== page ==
The township of Newry is situated on the flats of the Macalister River, 11 km north-west of Maffra and about 210 km east of Melbourne.

The area was encompassed by Boisdale pastoral run, occupied in 1842. The district, known as Upper Maffra, was opened for settlement in the early 1860s. Township allotments were sold in 1868 and a store and post office soon established. In 1871, the Farmers Arms Hotel was constructed and a government school commenced classes. In the same year, the township was named Newry, after a town in Ireland.

The rich soil for the river flats favoured farming. Wheat was grown, supplying a nearby flour mill, and cattle were fattened for sale in Melbourne and the goldfields. Dairying was widespread, with a cheese factory established in the district in 1873 and a Melbourne company opening a factory in Newry in 1877. A sawmill also worked in the area.

The township grew, having two hotels for a while. A mechanics’ institute hall was opened in 1883. By 1896, the Victorian municipal directory described Newry as a settled township at the centre of the ‘granary of Gippsland’.

In 1903 Newry was described in the Australian handbook:

In 1904 farmers established their own co-operative butter factory in Newry. Beet sugar was grown in the district from 1910, supplying a factory at nearby Maffra. From 1927, the river flats were irrigated from the reservoir on the Macalister River at Glenmaggie. However, the sugar beet industry ceased by 1950 and dairying became the dominant farming activity. The Newry co-operative was amalgamated with the Maffra factory in 1950. Further mergers and the advent of bulk milk transport led to the closure of the Newry factory in 1964.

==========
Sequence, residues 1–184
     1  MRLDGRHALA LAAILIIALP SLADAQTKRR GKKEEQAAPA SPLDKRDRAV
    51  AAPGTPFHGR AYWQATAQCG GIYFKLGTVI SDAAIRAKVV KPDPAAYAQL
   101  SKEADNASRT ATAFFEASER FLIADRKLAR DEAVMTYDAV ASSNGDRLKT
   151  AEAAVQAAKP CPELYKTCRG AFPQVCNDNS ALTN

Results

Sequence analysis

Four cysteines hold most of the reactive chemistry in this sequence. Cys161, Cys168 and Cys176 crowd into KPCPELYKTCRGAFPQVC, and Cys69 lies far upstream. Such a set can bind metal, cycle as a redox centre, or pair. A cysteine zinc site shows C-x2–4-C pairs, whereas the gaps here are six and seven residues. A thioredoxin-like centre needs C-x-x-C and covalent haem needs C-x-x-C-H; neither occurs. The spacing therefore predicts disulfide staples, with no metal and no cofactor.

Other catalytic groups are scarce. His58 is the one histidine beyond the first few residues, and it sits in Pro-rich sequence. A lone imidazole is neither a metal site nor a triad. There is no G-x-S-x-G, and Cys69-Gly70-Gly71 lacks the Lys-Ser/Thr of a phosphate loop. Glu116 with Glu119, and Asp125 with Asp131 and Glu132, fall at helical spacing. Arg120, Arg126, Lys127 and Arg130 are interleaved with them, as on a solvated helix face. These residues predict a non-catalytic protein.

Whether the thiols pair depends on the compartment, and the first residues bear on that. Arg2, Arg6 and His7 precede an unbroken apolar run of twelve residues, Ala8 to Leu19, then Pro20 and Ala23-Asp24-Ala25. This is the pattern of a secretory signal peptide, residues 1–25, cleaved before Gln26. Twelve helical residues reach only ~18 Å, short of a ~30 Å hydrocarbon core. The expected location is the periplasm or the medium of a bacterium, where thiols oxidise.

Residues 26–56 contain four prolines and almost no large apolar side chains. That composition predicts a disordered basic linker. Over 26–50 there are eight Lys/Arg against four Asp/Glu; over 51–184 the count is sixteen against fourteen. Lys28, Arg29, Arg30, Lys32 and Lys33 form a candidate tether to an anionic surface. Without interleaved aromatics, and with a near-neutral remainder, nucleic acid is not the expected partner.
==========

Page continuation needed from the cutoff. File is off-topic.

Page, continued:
After 1950 roads and transport improved. Newry’s growth was curtailed by its proximity to the larger town of Maffra, but since the 1970s some new residents commute to work elsewhere. Newry retains a hotel, general store, hall and churches but the school became part of the consolidated school at Boisdale in 1951. Sporting and social organisations make the town the focus for the surrounding farming district. There are tennis courts and a golf course.

Newry was inundated with floodwater twice in 2007. In June and July a wall of water from the Macalister River swept through Newry and Tinamba swamping homes and nearby farmland. In November 2007 the Glenmaggie Weir released water down the Macalister River to cope with high rainfall.

Census populations for Newry have been:

area census date population
Newry 1881 87
  1911 254
  1933 460
  1954 346
  1966 210
Newry and environs 2011 429

At the 2011 census, dairy farming accounted for 28.4% of employment and general farming another 4.9%.

Further Reading

Newry and Upper Maffra 1842-1975, 1975